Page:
People use the term “zero tolerance” to mean a lot of different things. In essence, it signals a tough, no excuses, discipline system. It curtails educator’s discretion in favor of simple black and white rules applied across the board.
But that approach is problematic under federal law. Our basic special education law, IDEA, says that students with disabilities may not be removed from their classroom placement as a disciplinary consequence unless the student’s ARD Committee concludes that the behavior was not a manifestation of the student’s disability. You can’t just slap a special ed kid into the DAEP due to a disciplinary infraction. You have to go through the ARD process first. Thus it’s hard to square that legal requirement with a strict “zero tolerance” approach.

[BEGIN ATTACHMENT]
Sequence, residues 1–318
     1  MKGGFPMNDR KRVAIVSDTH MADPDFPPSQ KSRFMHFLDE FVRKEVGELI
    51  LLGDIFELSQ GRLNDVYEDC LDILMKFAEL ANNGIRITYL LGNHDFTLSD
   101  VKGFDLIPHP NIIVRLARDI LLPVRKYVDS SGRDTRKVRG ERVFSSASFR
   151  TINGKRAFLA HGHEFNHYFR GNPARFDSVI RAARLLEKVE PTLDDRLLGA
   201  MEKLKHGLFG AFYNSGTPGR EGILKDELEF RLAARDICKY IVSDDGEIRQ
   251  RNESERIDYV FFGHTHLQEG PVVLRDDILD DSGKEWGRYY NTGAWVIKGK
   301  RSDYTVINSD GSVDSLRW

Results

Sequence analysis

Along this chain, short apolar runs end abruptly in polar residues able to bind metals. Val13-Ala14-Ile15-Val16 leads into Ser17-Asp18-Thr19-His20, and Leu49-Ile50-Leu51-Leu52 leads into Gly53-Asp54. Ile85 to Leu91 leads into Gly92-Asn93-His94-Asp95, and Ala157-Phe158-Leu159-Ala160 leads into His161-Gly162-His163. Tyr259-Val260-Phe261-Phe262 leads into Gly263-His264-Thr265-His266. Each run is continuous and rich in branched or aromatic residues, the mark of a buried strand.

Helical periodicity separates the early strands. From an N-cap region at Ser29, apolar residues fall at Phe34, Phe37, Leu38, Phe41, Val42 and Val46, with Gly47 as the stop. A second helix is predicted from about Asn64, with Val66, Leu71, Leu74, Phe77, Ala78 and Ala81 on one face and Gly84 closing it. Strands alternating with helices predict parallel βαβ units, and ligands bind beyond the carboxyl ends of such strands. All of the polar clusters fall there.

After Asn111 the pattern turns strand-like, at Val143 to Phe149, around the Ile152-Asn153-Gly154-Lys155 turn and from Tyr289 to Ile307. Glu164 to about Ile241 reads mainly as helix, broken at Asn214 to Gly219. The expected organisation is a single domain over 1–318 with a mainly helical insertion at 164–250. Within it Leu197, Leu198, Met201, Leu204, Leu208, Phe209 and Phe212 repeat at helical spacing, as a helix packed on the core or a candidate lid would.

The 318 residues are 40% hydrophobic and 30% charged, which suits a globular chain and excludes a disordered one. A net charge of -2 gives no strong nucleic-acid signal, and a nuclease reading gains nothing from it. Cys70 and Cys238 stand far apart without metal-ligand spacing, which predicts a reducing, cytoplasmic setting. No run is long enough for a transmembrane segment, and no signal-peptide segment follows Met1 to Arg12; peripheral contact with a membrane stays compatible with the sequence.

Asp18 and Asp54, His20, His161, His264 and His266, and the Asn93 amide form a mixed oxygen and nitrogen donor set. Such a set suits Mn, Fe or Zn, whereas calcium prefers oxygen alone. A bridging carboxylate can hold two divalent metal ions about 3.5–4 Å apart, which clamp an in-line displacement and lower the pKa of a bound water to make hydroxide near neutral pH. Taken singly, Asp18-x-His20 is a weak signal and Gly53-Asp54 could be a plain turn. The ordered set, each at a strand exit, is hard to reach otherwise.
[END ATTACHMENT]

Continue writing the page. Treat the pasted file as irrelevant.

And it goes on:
Our federal special education law does include three “semi-zero tolerance” provisions. These are known as the “special circumstances” offenses—drugs, weapons and the infliction of serious bodily injury. If a student commits one of those offenses, the school is authorized to order an immediate removal of up to 45 school days. This can be done whether the behavior was caused by the disability or not. But that’s still not exactly what most people mean by “zero tolerance.”
So be careful in tossing this term around.
DAWG BONE: IT’S HARD TO APPLY “ZERO TOLERANCE” AND COMPLY WITH FEDERAL LAW AT THE SAME TIME.